The characteristic gorge of Hengifoss attracts tourists from all over the world. With its colourful horizontal stripes it is created by the Hengifossá, with its slim waterfall that is perceived almost as a void, an open slit in the landscape. The service facilities, as a response, grows out of the same landscape and creates a a new gorge, a sheltered space which opens towards the west and the sun. Skálin and skálinn, the two gorges, creates a symbiosis that blend start and end of the journey in the vast Icelandic landscape.
The project was awarded 1.prize in the open national competition organized by the local municipality Fljótsdalshreppur, in association with Arkitektafélag Íslands. The exterior 3D visualizations was made by Vizstudio Espen Tomren.
The entrance of the exhibition / sales facilities are placed in a constructed void, a light slit that divides the building and echoes the waterfall at the end of the hike. The steep ascent at the start of the hike offers good views of the Fljótsdal and the roof landscape, the green fields extending onto the roof, making the building blend with its surroundings.
In stead of making an ascent on the steepest part of the hillside, on the eastern side (as suggested in the local plan), the ascent departs towards the west and defines a more natural startingpoint / endpoint for the hike, from the sheltered yard of the service facilites. This deliberate line of movement also activates the southwestern hillside, as a complementary resting place on sunny days.
In stead of placing the new pedestrian bridge to the eastern side of the Hengifossá down by the main road (also suggested in the local plan), it is placed at the start of the ravine and designed as part of the landscape esthetics. The unnecessary «detour» for the hikers down to the main road is thus avoided, and the bridge span is reduced considerably, since the Hengifossá is narrower at this point.
The overall scheme is not dependent on these suggested changes from the local plan, but the concept is greatly strengthened by them and the overall experience is enhanced if they are executed.
The layout is simple and logical – every activity is well connected and equally opens towards the yard. It turns its back towards the parking, and opens up towards the movement through the landscape. The exhibition / sales facilities are separated from the toilets, making the toilets and exhibition areas independently accessible. The characteristic slit through the sales area creates a bright space and at the same time sufficient wall space for the exhibition and sales stands. The skylight also have an inverted effect, and serve as a beacon of light leading the way for hikers on their way back to the lower valley at dusk and dawn.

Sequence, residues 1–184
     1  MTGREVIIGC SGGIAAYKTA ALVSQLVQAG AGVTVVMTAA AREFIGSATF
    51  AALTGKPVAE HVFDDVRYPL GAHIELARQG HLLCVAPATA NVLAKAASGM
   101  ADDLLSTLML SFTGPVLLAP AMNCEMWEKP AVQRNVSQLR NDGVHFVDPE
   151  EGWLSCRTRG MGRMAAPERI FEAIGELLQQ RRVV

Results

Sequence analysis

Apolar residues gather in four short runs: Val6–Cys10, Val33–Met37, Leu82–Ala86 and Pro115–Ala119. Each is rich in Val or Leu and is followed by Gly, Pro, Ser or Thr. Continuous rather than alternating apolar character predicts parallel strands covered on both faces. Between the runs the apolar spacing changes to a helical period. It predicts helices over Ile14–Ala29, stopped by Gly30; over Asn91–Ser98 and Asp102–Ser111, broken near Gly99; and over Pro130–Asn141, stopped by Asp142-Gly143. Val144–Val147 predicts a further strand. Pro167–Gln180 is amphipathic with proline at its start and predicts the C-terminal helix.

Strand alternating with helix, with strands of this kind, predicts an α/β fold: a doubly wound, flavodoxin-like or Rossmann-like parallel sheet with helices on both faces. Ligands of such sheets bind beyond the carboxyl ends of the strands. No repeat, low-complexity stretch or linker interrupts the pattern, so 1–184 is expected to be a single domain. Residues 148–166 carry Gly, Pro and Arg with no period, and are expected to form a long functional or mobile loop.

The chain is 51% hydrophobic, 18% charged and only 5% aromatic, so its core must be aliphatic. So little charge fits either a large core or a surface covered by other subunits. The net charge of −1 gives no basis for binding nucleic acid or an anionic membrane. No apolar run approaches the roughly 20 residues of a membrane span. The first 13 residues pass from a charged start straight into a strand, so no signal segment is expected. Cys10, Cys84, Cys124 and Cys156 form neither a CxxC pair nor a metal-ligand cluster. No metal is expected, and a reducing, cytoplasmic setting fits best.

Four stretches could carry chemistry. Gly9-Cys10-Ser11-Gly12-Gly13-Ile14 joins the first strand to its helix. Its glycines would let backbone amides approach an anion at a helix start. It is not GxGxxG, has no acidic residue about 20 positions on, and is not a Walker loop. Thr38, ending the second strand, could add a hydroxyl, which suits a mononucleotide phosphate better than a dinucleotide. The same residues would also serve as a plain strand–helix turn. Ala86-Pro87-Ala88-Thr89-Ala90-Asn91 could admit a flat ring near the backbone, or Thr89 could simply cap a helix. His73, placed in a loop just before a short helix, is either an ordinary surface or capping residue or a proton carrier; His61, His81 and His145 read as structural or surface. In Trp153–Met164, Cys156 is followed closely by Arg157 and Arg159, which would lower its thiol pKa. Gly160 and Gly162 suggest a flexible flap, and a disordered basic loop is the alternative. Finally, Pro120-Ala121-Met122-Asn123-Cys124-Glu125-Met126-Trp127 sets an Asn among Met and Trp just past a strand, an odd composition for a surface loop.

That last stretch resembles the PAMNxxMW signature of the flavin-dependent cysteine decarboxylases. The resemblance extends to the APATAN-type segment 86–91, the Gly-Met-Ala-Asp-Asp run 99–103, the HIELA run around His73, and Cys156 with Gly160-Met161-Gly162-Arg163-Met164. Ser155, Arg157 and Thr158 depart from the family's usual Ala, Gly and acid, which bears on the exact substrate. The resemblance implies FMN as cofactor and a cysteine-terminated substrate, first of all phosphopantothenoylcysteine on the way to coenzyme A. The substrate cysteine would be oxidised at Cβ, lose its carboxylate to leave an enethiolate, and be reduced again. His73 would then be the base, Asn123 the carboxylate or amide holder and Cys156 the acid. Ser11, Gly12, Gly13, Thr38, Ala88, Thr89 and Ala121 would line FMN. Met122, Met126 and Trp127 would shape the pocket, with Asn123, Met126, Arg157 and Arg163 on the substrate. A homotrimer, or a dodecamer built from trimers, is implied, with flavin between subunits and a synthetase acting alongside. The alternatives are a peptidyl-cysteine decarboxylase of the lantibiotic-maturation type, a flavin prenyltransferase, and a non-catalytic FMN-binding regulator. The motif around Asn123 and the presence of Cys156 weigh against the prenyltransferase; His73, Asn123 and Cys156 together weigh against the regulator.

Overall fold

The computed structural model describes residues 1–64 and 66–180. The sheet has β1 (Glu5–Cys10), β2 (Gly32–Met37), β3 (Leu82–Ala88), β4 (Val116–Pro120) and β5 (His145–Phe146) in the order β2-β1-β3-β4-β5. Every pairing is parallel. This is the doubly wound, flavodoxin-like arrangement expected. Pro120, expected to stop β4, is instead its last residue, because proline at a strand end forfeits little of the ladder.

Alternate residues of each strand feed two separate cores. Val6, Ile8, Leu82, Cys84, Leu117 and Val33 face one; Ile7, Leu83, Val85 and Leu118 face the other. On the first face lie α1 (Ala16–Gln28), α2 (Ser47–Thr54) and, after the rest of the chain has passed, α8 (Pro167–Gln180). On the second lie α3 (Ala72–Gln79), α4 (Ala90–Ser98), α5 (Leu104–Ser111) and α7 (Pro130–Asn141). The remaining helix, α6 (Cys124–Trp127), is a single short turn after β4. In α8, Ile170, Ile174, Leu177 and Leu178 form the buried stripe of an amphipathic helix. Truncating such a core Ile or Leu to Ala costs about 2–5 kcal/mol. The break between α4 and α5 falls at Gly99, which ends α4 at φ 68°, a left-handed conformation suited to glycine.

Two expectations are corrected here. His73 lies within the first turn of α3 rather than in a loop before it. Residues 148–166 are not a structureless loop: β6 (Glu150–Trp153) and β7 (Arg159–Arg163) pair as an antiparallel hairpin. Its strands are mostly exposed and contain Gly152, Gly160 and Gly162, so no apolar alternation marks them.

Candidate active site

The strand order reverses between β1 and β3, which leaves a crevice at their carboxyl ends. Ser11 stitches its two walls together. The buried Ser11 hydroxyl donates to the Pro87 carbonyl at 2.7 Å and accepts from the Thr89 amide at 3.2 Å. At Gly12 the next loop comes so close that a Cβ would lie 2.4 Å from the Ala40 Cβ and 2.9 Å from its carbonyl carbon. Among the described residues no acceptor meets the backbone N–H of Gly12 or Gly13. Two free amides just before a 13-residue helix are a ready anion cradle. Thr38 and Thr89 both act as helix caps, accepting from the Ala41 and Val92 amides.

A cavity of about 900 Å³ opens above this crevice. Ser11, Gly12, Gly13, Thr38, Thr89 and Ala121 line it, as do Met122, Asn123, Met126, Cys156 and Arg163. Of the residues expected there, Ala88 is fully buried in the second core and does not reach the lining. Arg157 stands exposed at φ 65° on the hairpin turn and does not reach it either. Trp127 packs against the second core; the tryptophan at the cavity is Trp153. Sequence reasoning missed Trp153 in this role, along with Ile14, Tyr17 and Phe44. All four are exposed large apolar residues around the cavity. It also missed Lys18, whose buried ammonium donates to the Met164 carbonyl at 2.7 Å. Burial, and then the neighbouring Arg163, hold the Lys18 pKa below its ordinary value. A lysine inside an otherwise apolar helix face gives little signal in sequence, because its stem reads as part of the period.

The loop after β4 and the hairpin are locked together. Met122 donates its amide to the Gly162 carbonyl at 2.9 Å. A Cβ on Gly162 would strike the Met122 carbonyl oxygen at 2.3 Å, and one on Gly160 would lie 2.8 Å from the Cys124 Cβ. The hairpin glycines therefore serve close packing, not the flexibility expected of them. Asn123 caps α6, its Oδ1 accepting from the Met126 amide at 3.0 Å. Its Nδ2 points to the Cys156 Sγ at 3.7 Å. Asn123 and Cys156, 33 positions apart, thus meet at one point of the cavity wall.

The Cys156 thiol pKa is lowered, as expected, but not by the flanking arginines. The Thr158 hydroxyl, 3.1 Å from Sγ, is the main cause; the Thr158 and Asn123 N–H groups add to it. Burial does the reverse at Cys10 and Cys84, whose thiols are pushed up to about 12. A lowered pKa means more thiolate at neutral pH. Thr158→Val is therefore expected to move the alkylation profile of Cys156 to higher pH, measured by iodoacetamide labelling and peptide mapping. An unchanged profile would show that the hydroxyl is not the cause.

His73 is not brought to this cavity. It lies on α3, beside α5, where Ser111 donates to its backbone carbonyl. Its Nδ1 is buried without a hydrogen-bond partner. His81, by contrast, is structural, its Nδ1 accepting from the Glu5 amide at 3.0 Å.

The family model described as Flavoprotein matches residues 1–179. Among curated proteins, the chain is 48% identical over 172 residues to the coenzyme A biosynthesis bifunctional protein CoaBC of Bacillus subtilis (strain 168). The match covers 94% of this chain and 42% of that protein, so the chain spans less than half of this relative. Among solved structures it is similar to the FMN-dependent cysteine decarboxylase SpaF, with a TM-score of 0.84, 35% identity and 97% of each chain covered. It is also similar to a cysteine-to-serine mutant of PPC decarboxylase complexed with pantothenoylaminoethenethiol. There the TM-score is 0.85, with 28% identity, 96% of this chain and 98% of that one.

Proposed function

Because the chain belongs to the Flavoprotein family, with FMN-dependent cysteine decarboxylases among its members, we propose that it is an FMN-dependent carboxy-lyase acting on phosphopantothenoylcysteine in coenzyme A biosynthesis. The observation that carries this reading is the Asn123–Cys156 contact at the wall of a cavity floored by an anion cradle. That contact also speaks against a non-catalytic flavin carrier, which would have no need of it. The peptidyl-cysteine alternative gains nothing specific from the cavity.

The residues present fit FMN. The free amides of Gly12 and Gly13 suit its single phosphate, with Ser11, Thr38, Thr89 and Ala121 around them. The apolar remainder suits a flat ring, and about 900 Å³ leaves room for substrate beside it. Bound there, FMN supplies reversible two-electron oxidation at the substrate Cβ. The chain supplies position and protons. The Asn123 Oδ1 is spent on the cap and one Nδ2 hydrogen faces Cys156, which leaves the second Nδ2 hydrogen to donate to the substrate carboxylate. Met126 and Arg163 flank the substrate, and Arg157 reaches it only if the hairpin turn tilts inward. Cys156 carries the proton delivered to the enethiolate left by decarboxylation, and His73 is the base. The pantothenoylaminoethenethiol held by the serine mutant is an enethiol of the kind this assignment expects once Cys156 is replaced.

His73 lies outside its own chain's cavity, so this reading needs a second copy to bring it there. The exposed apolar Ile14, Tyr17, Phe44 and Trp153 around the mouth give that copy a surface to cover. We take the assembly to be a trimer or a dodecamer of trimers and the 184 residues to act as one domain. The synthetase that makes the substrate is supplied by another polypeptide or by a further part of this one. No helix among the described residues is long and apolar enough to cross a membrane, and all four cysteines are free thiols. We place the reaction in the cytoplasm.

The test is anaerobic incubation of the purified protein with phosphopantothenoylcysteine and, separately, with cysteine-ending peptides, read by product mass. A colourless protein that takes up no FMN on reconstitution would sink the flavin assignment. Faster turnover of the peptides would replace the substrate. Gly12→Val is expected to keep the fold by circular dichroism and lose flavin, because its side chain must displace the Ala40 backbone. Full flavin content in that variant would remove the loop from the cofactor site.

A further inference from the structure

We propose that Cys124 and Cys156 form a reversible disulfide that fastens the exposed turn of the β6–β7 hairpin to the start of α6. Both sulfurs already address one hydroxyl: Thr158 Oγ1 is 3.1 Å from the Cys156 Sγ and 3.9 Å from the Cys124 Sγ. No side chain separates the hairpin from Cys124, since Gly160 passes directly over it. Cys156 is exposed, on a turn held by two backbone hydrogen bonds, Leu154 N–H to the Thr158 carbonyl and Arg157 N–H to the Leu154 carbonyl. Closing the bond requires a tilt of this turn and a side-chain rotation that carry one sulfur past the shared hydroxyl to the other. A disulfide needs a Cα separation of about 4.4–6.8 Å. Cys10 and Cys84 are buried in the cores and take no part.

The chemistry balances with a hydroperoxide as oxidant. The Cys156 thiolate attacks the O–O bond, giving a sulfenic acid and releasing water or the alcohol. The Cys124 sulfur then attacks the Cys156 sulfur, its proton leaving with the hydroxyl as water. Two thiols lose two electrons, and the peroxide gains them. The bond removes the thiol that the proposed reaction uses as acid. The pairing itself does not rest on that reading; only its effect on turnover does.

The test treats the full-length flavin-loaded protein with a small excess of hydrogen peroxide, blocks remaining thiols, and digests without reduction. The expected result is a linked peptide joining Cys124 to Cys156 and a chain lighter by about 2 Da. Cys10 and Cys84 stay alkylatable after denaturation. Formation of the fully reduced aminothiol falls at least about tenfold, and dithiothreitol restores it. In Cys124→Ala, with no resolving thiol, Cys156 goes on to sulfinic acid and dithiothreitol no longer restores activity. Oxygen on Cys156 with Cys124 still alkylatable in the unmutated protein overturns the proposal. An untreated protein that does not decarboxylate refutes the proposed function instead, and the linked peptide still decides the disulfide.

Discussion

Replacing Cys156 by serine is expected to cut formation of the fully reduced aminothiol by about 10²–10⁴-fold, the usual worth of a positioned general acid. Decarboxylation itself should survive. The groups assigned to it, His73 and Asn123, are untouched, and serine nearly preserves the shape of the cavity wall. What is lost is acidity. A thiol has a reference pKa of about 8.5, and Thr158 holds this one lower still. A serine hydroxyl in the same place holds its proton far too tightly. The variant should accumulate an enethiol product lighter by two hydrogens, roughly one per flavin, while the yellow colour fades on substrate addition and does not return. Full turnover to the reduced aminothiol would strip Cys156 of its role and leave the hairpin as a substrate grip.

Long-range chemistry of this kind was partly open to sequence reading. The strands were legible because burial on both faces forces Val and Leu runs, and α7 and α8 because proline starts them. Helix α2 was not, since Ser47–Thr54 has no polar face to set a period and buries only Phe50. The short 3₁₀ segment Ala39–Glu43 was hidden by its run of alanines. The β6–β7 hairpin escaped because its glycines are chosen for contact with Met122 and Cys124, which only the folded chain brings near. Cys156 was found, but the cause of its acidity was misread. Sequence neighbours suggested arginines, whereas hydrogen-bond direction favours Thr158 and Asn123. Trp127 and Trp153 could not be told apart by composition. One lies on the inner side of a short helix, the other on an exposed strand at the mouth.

The choice of materials for the service facilities building also draws its inspiration from the surrounding landscape, both from the Hengifoss and the Litlanesfoss. Dark concrete (in-situ or prefabricated elements) with dark aggregate plays with the colours of the adjacent terrain, and the surface structure abstractly enlivens the facades. As a colorful contrast, resembling the red horisontal lines of the Hengifoss lava layering, red anodized aluminium is used for signage and other secondary elements in the interior.
The design strategy for the landscape elements along the hiking trail is based on the river profile, running flat – falls – running flat, and the perceived void of the river in the landscape. This is the basic inspiration for the signs, benches, gates, brook crossings and bridges along the hiking trail. These elements are dispersed evenly throughout the landscape to minimalize the impact on the environment.
The landscape elements have concrete foundations with the same colour / aggregate as the service facilites. The folded surfaces are made from lacquered carbon steel as a strong base structure. On the steel, signage in red anodized aluminium and sitting surfaces in naturally weathered larch are mounted, adapted to the entended use. The colours blend in with the landscape, except for the anodized aluminium plates which acts as subtle visible markers.